Impressions in a concrete garden

The Jardins de les Tres Xemeneies form an outdoor gallery, a constantly changing urban art space

The Jardins de les Tres Xemeneies form an outdoor gallery, a constantly changing urban art space

You have to take the term “gardens” in its official name with a pinch of salt when you first see the concrete flatness of this Barcelona park, though the free art on its walls changes as regularly as any city gallery, making it a worthwhile stop on your route. An ex-industrial site, the shimmering haze of its birches nevertheless perfectly counterpoints the aesthetic of heavy machinery and bright graffiti.

Moscrop and his mates Eli, Nesbit and Si (Lag) had come down from Newcastle (UK) to create free art in Barcelona

Moscrop and his mates Eli, Nesbit and Si (Lag) had come down from Newcastle (UK) to create free art in Barcelona

Such a hardwearing urban veneer makes it ideal not just as a regular concert venue but also for the skateboarding and tagging communities, both local and out-of-town. While taking photos here, the four artists who I found working on the mural walls had come down from Newcastle, UK. Moscrop had been here the summer before and returned with his mates Eli, Nesbit and Si (Lag) this year. Was this the modern equivalent of the way, a century ago, northern impressionists would come down on painting holidays, drawn by Spain’s exceptional light? The hardness in the light does seem to bring out the brilliance in colours.

The heavy machinery parts and chimneys are what remain of the Barcelona Traction, Light and Power Company Ltd. Yes, the name was in English

The heavy machinery parts and chimneys are what remain of the Barcelona Traction, Light and Power Company Ltd. Yes, the name was in English

It’s also a popular skateboarding site. A German friend, while holidaying in Barcelona with her teenage son last year, would drop him off at this park every day so she wouldn’t have to drag a sullen adolescent around the galleries and sights she was keen to see. It was an arrangement that worked for them both.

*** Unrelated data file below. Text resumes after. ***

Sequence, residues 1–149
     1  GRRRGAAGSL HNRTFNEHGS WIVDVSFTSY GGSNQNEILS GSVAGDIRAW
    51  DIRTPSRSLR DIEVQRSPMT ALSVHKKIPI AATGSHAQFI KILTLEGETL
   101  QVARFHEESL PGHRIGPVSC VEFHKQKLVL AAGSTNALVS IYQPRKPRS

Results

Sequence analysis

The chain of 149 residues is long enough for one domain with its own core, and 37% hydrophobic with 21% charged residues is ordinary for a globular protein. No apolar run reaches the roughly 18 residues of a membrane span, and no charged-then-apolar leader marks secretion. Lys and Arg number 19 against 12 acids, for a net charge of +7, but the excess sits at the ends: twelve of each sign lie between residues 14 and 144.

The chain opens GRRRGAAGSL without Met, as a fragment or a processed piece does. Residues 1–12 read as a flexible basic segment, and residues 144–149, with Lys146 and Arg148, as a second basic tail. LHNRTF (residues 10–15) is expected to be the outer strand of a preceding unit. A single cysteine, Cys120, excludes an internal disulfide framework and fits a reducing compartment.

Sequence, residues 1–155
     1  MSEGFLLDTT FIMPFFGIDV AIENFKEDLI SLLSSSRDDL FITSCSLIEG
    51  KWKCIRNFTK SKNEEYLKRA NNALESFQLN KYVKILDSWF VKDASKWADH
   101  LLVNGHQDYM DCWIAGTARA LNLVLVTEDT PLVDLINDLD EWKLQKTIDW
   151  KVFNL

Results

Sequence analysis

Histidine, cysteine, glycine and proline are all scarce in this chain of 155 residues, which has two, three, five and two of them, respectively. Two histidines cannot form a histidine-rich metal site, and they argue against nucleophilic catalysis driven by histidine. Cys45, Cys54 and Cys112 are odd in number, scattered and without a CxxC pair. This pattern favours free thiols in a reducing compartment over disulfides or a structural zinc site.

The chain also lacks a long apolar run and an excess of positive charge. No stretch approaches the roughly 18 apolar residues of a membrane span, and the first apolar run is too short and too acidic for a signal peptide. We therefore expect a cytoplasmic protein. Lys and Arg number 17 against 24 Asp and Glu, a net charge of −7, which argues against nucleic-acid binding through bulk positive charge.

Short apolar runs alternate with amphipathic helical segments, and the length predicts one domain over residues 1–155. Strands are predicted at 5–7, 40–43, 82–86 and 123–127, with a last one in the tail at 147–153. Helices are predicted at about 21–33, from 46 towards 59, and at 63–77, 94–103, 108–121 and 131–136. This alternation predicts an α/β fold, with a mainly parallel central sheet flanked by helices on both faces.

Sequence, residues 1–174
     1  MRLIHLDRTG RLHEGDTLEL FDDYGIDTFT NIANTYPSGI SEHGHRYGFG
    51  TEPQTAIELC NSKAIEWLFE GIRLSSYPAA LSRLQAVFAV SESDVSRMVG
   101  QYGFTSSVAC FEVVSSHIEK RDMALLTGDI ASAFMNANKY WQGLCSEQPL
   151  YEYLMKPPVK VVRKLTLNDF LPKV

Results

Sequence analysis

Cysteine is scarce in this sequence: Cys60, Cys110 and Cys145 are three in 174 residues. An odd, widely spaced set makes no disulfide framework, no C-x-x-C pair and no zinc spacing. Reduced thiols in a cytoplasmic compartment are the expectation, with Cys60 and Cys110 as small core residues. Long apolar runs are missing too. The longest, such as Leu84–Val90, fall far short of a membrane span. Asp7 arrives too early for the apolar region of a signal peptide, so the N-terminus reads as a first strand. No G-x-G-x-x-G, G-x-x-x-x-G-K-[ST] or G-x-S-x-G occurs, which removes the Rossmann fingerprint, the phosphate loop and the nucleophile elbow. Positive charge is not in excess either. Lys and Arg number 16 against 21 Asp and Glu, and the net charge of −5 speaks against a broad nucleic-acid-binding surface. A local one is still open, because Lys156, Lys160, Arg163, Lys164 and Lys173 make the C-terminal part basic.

The three chimneys are from the power plant known as La Canadenca (The Canadian), despite the fact that its founder, Pearson, was born in Massachusetts and its capital was Belgian

The three chimneys are from the power plant known as La Canadenca (The Canadian), despite the fact that its founder, Pearson, was born in Massachusetts and its capital was Belgian

The three chimneys dominate the space. They are what remains of a power generation plant that used to be known as La Canadenca (The Canadian) despite being founded by an American. When electrical power was in its infancy at the turn of the twentieth century, it seemed like too risky a venture to attract many conservative Catalan investors.

The graffiti varies from the innocuous to wanting to convey a political message

The graffiti varies from the innocuous to wanting to convey a political message

So an American entrepreneur named Frederick Stark Pearson was persuaded to set up the Barcelona Traction, Light and Power Company Limited in 1911. The parent company then spawned a host of subsidiaries to develop the trams, rail network, two large dams and a canal system, power generation and water supply in Barcelona. By 1914 it was the largest electricity supplier in Europe and the seventh-largest in the world. The company was at the centre of a strike in 1919 that developed into a Catalonia-wide general strike, which the workers of the anarcho-syndicalist CNT union eventually won.

Graffiti, one of the oldest art forms, can be a unique expression of contemporary culture

Graffiti, one of the oldest art forms, can be a unique expression of contemporary culture

Pearson himself perished when the RMS Lusitania was torpedoed and sunk in 1915. After the Spanish Civil War, the company continued to expand for a short time under Franco, but his decree, prohibiting the exit of capital from Spain meant its foreign shareholders could not be paid and proved the company’s death knell.